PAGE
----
There is a very detailed set of guidance for what can and cannot be held, available from HMRC; it's chapter 7, p. 72 onwards. (The sections highlighted in pink are the 2014 revisions, which added certain types of shares)
Some exceptions that might be relevant are -
- not all shares qualify - it has to be traded on a recognised exchange, but it is sometimes possible to bring non-traded shares in if acquired through an employee share scheme.
- shares in co-operative societies and community benefit societies cannot be held in an ISA
- ISAs cannot be used for futures or options
- some types of "non-UCTIS" investment funds that have limited redemption are prohibited
- cash can only be held in sterling (with some small exceptions)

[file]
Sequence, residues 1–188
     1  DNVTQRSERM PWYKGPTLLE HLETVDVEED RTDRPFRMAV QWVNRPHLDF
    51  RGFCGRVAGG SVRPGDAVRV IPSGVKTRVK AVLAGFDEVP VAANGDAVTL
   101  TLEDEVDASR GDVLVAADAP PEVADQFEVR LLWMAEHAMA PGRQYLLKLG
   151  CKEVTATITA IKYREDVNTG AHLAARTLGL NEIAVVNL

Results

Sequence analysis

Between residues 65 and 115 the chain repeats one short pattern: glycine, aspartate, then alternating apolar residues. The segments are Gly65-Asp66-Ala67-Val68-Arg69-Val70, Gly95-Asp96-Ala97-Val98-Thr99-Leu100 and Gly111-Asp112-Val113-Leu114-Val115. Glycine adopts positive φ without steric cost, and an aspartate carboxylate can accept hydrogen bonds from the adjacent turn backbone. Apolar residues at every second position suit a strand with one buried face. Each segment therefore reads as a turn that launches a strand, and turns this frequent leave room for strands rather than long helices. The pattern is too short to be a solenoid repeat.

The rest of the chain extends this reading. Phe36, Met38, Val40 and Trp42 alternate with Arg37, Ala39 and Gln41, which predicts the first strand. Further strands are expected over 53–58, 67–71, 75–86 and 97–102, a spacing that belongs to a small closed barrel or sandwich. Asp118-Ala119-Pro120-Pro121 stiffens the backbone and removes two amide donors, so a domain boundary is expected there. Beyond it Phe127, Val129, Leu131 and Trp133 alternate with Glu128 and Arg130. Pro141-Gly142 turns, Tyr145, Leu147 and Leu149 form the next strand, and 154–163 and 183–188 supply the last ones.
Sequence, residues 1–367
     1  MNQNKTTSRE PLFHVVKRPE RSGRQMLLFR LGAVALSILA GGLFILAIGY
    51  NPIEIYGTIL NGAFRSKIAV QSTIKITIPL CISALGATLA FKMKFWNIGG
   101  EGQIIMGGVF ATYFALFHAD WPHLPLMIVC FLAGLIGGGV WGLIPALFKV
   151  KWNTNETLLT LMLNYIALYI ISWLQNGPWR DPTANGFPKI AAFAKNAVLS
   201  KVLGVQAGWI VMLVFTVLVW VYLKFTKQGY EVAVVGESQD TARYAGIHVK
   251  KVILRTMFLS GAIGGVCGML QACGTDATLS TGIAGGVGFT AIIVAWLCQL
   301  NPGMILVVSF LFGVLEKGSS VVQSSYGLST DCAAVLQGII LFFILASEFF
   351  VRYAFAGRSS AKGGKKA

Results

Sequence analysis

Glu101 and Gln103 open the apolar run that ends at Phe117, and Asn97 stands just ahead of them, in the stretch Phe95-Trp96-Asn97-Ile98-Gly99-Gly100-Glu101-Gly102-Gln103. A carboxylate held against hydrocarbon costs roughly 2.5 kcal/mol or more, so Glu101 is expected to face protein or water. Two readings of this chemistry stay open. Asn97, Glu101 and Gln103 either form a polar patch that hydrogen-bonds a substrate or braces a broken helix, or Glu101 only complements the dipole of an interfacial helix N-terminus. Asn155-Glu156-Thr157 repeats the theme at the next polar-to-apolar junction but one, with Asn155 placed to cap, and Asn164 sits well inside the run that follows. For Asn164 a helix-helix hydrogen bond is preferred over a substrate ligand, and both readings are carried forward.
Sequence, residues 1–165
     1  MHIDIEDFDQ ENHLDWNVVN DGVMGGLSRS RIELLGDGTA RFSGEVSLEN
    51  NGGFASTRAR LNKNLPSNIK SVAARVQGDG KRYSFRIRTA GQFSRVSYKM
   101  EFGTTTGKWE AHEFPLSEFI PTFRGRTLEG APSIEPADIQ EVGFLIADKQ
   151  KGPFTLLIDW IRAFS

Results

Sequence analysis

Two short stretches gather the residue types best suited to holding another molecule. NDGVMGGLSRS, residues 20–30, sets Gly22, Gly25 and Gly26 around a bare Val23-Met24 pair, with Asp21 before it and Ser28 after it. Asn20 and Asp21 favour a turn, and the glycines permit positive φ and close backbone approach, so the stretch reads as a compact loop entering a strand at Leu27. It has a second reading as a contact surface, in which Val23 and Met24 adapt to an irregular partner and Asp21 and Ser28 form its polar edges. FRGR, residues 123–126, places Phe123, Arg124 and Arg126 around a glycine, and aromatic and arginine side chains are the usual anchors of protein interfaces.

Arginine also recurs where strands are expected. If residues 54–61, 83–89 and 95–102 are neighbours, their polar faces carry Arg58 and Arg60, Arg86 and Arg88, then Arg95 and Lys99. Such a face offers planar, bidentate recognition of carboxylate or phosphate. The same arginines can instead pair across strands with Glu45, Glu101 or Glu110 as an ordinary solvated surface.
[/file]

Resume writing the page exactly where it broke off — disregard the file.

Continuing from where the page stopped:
This means that, for example, you could not hold shares in an Indian-listed company. You could not invest in a crowdfunded business and hold those shares within an ISA. You could not buy American shares, sell them for dollars, and park the dollars in the ISA.
Looking at the list of things you are allowed to hold, however, it's worth noting that the ISA provider does not have to offer all of these options - so your specific ISA might be more restricted.
For example, a provider might offer an ISA in which you can only buy specific investment funds. They might offer an ISA in which you can buy all sorts of UK shares, but they don't support foreign exchanges. Or they might support you buying shares on a US exchange, but not a German one. They may not let you move employee-scheme shares into the ISA (because it's too much administrative hassle) even if they are legally able to be held. And so on...